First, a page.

March doesn’t fly by without its share of downs. There are days when I’m bogged down by homesickness. The last week is marred by tense conversations with my partner about our future that trigger my anxiety. After one such conversation, I sleep poorly and wake up with a pit in my stomach. I am immobilized by gloom which leads me to swap my teaching shift with another tutor on the pretext of a migraine. I end up binging on some episodes from the second season of Hospital Playlist. I order myself a breakfast takeaway to lift up my spirits but the meal turns out to be disappointing. I let myself crash up until around late afternoon, after which I force myself to shower and get out for a cup of coffee. I drain a cup of flat white at a nearby cafe – it is delicious – and walk towards the Ferry Building. I sit on one of the stone benches overlooking the water front with a newly curated playlist playing in my ears. As I watch the waves bob up and down, a sense of calm washes over me. I breathe deeply and watch the sky gradually change hues from sepia yellow to pastel pink. I love this city, I think to myself. I silently vow to focus on my goals and not get bogged down by what the future may hold.

April, bring it on.

Of unfinished business and compulsions

Remember the time I vouched to soldier at my pace and finish the A to Z Blogging Challenge? I couldn’t live up to the promise I made to myself. I procrastinated to the point where returning to this space filled me with regret, annoyance and disappointment. Regret for having given up. Annoyed at my incompetence to complete the challenge. Disappointed at my myself for having neglected my blogging habits once again.

And you know what? It’s OK. At least that’s what I tell myself.

As I grow older, I find myself thinking about what purpose means to me. So far, purpose to me has encompassed challenges, projects, To-Do lists and goals. However, if I’m unable to fulfill these, I am overwhelmed by ennui. I realize that I tend to set targets for my creative pursuits as well. This in turn is ironical as the latter naturally ebb and flow and are highly sensitive to my energy levels and moods.

So why am I fatalistic about them? Come to think of it, this sense of needless urgency to indulge in activities with end-goals is linked to my fear of failure. The failure of living up to standards I’ve set for myself which when otherwise surpassed, serve to activate the reward centre in my brain. My self-talk is demanding, governed by words that signify compulsion. I need to do this. I have to finish this blogging challenge. Add to this, a plate overloaded with unrealistic objectives sprinkled generously with procrastination.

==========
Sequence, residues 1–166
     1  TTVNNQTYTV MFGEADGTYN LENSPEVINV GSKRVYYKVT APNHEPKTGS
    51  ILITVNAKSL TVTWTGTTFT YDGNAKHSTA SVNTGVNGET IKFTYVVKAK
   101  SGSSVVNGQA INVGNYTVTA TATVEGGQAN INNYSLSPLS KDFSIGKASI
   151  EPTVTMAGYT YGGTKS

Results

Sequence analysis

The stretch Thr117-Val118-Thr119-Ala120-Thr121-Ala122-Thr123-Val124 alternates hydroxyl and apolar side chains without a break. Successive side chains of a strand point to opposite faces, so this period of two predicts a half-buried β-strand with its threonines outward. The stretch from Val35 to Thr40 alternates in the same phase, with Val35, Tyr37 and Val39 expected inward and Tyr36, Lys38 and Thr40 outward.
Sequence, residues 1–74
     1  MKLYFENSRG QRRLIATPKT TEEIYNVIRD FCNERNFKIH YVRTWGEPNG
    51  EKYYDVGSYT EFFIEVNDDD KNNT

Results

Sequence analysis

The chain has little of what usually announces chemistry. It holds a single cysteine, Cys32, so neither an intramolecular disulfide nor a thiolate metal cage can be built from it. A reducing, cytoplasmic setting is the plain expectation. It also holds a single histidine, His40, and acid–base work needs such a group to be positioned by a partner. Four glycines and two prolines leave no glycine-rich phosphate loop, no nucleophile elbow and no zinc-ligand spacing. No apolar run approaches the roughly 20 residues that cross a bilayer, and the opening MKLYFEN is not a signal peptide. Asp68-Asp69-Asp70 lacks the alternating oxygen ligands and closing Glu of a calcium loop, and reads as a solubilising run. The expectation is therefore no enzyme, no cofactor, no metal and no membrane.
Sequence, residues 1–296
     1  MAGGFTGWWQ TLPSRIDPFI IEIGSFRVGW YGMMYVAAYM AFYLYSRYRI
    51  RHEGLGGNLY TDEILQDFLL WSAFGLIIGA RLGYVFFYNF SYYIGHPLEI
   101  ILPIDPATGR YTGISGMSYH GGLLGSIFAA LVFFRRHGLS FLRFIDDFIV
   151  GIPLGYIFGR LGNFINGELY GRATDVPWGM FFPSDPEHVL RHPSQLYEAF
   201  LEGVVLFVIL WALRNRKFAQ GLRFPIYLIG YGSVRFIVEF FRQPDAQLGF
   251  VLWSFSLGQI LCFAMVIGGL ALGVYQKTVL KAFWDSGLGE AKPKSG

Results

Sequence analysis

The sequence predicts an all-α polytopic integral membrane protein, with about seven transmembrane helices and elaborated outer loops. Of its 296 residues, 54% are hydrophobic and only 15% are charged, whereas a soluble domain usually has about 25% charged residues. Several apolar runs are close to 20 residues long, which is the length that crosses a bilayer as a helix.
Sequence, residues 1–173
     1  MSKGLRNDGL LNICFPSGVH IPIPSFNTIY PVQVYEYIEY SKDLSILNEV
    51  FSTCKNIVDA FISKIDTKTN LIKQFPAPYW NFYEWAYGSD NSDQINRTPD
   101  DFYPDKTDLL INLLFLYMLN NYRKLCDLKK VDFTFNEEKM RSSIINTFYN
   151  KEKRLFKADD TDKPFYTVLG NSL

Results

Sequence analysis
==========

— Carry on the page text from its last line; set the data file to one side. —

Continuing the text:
Here’s the catch though. Purpose can be divorced from failure if the former shifts from fruition to learning. For learning implies possibility and the scope to keep moving as far as you would like. Learning releases the clutch of an audience. It is a practice in living. Pleasure serves a purpose too. What if I wrote to merely enjoy the satisfaction of writing? What if I were to read for the joy of reading and to not simply complete a Goodreads Challenge or gain intellectual benefit? Simply put, why can’t my creative pursuits be “goal-less”? What about the pleasure of learning itself as an experience in staying alive?

What I have mentioned so far is Not Easy for someone like me. But I am going to try. And I will aim to keep learning.

This post was not supposed to be about my musings. Anyhow.

Coming back to the A to Z Blogging Challenge that spanned April, the theme I chose was On living alone and discovering adulthood in the midst of a pandemic.

There were a lot of things I had intended to write. But the good news is that the pandemonium pandemic is ongoing with new variants that have joined the party. As for adulthood – it doesn’t end. It appears to stretch on and on.

Oh, and happy 2022.

P and Q are for Photographs and Quotes

Frozen memories – the phrase that comes to my head when I browse through a photo album.

Now mind you, when I talk about photographs and quotes, I don’t mean cookie-cutter selfies with captions that make no sense! FYI, I absolutely loathe those. I’m talking about pictures so complete in themselves that they can narrate stories.

The Internet and social media is always abuzz with click-baits on  ‘good’ photography. Photography could be an art. To some, it’s a skill that can be honed. To some, it is intuitive.  And then there are some to whom the technicalities matter – composition, lighting, depth of field etc.

What does it mean to me?

Oftentimes, I have stumbled upon some beautiful photo-blogs, which make me pause and take notice of the details incorporated. These are the pictures that stir forgotten book quotes to my mind. The reverse holds true as well. I have lost count of the times I have perused through the pages of a novel, associating the imagery with a remarkable photograph I must have encountered somewhere.  In my opinion, that’s the power of good photography.

My tryst with photography began when I was eighteen. I am not a photographer by any means. I started off with a simple point-and-shoot camera, its maximum resolution being 2 MP. That’s right. That’s waaayy below today’s selfie standards. Though the pictures are cringe worthy, back then, my modest camera gave me the impetus to dabble with different subjects. Soon I upgraded to another point-and-shoot before finally settling on my very own DSLR.

I have had friends who appreciate the photographs I click whilst some who consider my skills to be mediocre. To start with, I don’t know if I’m blessed with an eye for detail or perspective. But one thing’s for sure, capturing a good shot makes me happy.